CRM Implementation Strategy—A Balance in Mitigating Risks & Maximizing Opportunity
Michael Krigsman, CEO of IT advisory firm Asuret and author of the ZDNet blog, IT Project Failures, helps put the alarming CRM failure statistics into perspective, shares risk mitigation strategies, provides insight on the critical success factors that lead to rewarding CRM deployments and offers advice on when and how to best leverage CRM consultants.
Click the Start button to begin podcast 42 minutes, 02 seconds (42:02)
Key take away points in the discussion with Thought Leader Michael Krigsman:
It's difficult to discuss how to achieve CRM implementation success without acknowledging the all too frequently cited CRM implementation failure rates. CRM software failure rates have been notably high for a number of years. Analysts that track this type of information and have reported their findings over the last decade, share alarming statistics and patterns, such as:
- In 2001 Gartner Group quoted a 50%+ CRM/SFA failure rate
- In 2002 Butler Group published a 70% CRM failure rate
- Also In 2002 Selling Power & CSO Forum disclosed a 69.3% CRM failure rate
- From 2005 through 2007 AMR Research quoted 18% to 29% CRM failure rates
- In 2007 Economist Intelligence Unit reported a 56% CRM failure rate
- In 2009 Forrester Research disclosed a 47% CRM failure rate
Notwithstanding varying definitions of CRM failure, the numbers, pattern and relative consistency suggest a very serious problem. Putting CRM technology in the broader context of IT projects, Michael advises that in general 30% and 70% of all IT projects incur substantial difficulties.
Michael notes that CRM failures tend to initially point fingers toward insufficient project management. However, deeper analysis when looking at the broad category of project management often identifies more precise risk factors such as lack of active and visible executive sponsorship, cross-departmental conflicts, unclear project definition (measurable goals, scope, budget, etc.) or infrequent or insufficient communication.
Michael notes that examination of most CRM software failures normally shows little correlation with the software technology. CRM technology is simply an enabler of business strategy and process automation and while the technology can contribute to failure if not managed, more often contributing factors include cultural activities such as lack of executive oversight, missing communication, or lack of cross-departmental collaboration.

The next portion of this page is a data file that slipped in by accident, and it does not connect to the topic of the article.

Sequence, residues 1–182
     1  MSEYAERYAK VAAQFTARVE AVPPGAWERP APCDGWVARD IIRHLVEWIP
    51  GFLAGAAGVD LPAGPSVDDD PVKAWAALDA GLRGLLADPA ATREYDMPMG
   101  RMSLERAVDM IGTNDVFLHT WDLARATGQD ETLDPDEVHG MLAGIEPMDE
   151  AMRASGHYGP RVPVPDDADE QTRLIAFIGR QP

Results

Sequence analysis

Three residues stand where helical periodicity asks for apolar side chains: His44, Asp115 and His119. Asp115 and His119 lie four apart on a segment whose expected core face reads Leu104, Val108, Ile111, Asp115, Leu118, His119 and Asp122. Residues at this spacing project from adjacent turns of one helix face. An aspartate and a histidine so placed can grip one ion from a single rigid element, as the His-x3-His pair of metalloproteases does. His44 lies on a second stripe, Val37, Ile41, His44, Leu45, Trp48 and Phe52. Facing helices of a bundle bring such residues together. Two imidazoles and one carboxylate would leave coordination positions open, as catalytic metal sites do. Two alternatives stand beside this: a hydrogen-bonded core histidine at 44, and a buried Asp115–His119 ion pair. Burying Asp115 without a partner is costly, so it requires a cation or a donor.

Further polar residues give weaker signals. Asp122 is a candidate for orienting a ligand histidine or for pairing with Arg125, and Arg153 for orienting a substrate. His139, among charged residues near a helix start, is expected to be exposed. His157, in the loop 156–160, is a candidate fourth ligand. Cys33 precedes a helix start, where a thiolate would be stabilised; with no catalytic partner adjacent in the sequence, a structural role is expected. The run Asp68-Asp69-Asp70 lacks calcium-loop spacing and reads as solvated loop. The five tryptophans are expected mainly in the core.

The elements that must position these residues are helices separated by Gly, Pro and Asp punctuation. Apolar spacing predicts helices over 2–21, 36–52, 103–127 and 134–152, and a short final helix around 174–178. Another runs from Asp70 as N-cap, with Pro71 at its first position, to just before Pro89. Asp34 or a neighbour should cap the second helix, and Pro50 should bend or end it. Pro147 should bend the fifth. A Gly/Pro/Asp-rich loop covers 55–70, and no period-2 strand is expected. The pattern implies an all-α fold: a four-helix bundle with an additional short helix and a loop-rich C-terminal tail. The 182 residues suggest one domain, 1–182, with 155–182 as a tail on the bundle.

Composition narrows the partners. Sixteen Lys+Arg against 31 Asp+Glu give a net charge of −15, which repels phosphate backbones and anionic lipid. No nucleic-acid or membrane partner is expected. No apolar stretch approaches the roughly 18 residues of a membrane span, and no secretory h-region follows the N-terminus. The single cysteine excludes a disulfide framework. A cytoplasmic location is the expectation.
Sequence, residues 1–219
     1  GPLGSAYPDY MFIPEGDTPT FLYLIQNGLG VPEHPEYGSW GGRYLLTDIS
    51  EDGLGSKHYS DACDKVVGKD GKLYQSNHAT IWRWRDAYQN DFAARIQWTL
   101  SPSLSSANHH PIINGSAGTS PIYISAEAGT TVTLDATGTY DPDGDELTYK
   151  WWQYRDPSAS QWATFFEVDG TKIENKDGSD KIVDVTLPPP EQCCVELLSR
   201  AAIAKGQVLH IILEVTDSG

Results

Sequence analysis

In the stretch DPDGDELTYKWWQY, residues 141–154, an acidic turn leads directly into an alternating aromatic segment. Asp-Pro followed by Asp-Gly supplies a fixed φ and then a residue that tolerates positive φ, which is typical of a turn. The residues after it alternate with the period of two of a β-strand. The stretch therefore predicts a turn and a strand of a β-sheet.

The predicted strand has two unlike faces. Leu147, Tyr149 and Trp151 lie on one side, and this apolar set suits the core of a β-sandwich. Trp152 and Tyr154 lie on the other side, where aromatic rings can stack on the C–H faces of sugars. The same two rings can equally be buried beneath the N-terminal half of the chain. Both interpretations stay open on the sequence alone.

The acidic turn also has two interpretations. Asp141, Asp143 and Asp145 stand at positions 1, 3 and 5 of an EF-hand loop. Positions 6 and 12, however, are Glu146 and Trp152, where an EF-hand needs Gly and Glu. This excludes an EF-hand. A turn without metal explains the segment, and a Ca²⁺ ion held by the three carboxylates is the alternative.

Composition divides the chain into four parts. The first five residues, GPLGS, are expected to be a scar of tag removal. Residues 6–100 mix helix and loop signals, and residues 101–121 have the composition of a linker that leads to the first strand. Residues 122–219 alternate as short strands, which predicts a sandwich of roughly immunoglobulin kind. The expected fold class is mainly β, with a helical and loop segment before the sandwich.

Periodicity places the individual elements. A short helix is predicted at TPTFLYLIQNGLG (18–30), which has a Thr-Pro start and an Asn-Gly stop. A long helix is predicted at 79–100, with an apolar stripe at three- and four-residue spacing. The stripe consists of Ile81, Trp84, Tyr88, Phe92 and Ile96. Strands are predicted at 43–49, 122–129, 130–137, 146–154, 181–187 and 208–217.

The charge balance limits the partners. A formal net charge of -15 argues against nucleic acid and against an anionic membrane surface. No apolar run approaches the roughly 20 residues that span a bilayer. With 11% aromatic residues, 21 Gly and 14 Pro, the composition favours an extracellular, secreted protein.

When looking at CRM deployment risk by market segment, Michael notes a clear correlation between project size and risk. While larger companies implement larger and often more complex projects which thereby inherit more risk, small businesses don't necessarily have less risks as much as they have different risks. For example, while SMB projects are generally simpler, they incur far more risks associated with resourcing as small businesses normally have less experience in implementing IT projects, fewer IT resources and far fewer IT specialists to call on.
There is cautious optimism that cloud or SaaS CRM may lower several implementation risk variables and ultimately lessen CRM implementation failure rates. With no hardware or IT infrastructure to build out or software to install, IT projects offer fewer components and thereby less technical risk. Cloud CRM deployments are also more accelerated than their on-premise counter-parts thereby also lowering project risk. Michael also notes that cloud CRM systems offer an advantage of releasing more software capability over more iteration cycles—effectively allowing the new capabilities to be more easily consumed. However, other factors such as business process improvement or transformation have little to do with technology so project and cultural risks continue to exist.